I used to write for Backstage about VO (no time any more to do that).
You’ve honored me with a bunch of their Readers’ Choice Awards (plenty of time to do more of that).
So I get a warm feeling when I see an article about VO in Backstage.
And the one I just read, and want to share with you, is a short and sweet one.
Jewel Elizabeth took the time to interview Andy Roth, a VO casting director (and a former studio director at CESD) about what his 4 top secrets are about VO.
I’ll give you a preview – the first “secret” is…ready…Get in class.
Yep. And he’s absolutely right. If you want to get started with strong and potent information, get yourself into class.
Click here for info on upcoming VO2GoGo classes
(Those VO2GoGo classes that Ann and Trev and I teach won those aforementioned awards, btw…)
Here’s the article:
Come back here, and below, tell me what you got when you read this article. I’d love to hear your takeaways.
Will the new video classes that you are taping replace the current list of video classes? I’m curious if I should purchase now or hold off until the new classes are available and possible new video class discount plans?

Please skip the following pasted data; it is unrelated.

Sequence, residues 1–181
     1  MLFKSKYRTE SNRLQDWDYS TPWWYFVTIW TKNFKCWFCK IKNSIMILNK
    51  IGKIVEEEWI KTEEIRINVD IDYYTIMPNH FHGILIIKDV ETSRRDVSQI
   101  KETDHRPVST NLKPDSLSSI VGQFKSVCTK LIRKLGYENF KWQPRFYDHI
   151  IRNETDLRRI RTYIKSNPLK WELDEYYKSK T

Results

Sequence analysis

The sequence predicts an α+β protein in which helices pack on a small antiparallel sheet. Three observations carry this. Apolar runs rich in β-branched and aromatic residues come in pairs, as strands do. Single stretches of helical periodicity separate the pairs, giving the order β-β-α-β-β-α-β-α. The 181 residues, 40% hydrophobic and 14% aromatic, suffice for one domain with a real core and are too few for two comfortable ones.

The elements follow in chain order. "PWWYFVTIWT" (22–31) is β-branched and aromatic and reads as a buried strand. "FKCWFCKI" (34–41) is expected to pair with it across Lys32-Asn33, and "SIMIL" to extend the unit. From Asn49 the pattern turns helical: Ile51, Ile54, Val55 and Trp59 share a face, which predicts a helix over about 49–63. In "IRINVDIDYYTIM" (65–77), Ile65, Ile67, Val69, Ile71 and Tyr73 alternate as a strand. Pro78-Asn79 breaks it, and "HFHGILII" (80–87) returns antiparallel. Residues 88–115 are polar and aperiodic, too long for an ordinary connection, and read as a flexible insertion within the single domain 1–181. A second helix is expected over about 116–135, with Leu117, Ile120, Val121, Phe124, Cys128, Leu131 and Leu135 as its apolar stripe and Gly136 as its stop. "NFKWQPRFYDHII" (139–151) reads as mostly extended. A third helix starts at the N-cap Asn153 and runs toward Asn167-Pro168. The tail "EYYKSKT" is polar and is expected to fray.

I’m always looking to update the videos when needed, so you’ll have the latest information at the time you grab the videos. I’m not aware of any discount plans – the lessons are already priced pretty well for the information you get. There are email-driven lessons on the way, but that probably won’t take shape until the latter part of the year.
Looking forward to hearing what you do and how it works for you!
Great article. I only disagree with the statement that “a demo is not necessary unless you have an agent.”
I had great success without my agent, with only a good demo (produced of course by one Mr. David Lawrence).
Thank you, Kat!
This article is great.
I have a strong reel and a great VO agent. I have been putting a ton of scripts on tape all year long and going to a few in-house voice castings…I haven’t booked yet and thought maybe it’s because my skills are slipping. I’ve taken Andy Roths class but it’s more for beginner beginners.
are there any other teachers you would suggest in NYC?
Excellent article and advice! From my very limited experience I would agree wholeheartedly, especially about the training. Another thought about taking a class vs. one-on-one training is that you learn from each other while you learn from the instructor, which is also very valuable. And the relationships that develop are priceless! Thanks, David.